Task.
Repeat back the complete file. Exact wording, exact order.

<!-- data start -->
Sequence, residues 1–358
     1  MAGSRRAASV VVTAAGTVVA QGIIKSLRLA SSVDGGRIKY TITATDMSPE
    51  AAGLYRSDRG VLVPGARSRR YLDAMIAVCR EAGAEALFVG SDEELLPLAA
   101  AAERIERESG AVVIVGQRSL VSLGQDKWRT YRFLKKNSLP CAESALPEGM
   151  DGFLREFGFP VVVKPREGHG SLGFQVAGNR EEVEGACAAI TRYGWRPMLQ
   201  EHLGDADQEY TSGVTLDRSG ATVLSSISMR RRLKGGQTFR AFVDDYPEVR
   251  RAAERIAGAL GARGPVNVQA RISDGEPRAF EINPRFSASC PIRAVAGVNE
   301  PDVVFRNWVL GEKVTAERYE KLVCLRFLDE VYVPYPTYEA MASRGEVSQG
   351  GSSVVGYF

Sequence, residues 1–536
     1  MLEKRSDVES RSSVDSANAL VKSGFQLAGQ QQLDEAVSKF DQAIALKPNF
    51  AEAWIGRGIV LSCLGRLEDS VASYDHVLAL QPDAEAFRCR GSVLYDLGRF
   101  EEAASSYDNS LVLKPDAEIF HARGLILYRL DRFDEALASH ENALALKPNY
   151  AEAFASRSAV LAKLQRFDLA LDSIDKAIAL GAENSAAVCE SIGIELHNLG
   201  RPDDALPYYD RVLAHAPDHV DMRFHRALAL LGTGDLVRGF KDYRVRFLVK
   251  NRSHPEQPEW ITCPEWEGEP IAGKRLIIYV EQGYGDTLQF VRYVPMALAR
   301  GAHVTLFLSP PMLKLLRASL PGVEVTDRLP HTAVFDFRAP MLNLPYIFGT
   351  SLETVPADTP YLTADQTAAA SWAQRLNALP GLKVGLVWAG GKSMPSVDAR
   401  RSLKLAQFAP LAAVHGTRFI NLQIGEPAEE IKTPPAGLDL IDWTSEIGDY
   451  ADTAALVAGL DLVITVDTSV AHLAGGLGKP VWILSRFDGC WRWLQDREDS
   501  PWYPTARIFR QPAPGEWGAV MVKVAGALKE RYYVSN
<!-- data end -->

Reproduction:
Sequence, residues 1–358
     1  MAGSRRAASV VVTAAGTVVA QGIIKSLRLA SSVDGGRIKY TITATDMSPE
    51  AAGLYRSDRG VLVPGARSRR YLDAMIAVCR EAGAEALFVG SDEELLPLAA
   101  AAERIERESG AVVIVGQRSL VSLGQDKWRT YRFLKKNSLP CAESALPEGM
   151  DGFLREFGFP VVVKPREGHG SLGFQVAGNR EEVEGACAAI TRYGWRPMLQ
   201  EHLGDADQEY TSGVTLDRSG ATVLSSISMR RRLKGGQTFR AFVDDYPEVR
   251  RAAERIAGAL GARGPVNVQA RISDGEPRAF EINPRFSASC PIRAVAGVNE
   301  PDVVFRNWVL GEKVTAERYE KLVCLRFLDE VYVPYPTYEA MASRGEVSQG
   351  GSSVVGYF

Sequence, residues 1–536
     1  MLEKRSDVES RSSVDSANAL VKSGFQLAGQ QQLDEAVSKF DQAIALKPNF
    51  AEAWIGRGIV LSCLGRLEDS VASYDHVLAL QPDAEAFRCR GSVLYDLGRF
   101  EEAASSYDNS LVLKPDAEIF HARGLILYRL DRFDEALASH ENALALKPNY
   151  AEAFASRSAV LAKLQRFDLA LDSIDKAIAL GAENSAAVCE SIGIELHNLG
   201  RPDDALPYYD RVLAHAPDHV DMRFHRALAL LGTGDLVRGF KDYRVRFLVK
   251  NRSHPEQPEW ITCPEWEGEP IAGKRLIIYV EQGYGDTLQF VRYVPMALAR
   301  GAHVTLFLSP PMLKLLRASL PGVEVTDRLP HTAVFDFRAP MLNLPYIFGT
   351  SLETVPADTP YLTADQTAAA SWAQRLNALP GLKVGLVWAG GKSMPSVDAR
   401  RSLKLAQFAP LAAVHGTRFI NLQIGEPAEE IKTPPAGLDL IDWTSEIGDY
   451  ADTAALVAGL DLVITVDTSV AHLAGGLGKP VWILSRFDGC WRWLQDREDS
   501  PWYPTARIFR QPAPGEWGAV MVKVAGALKE RYYVSN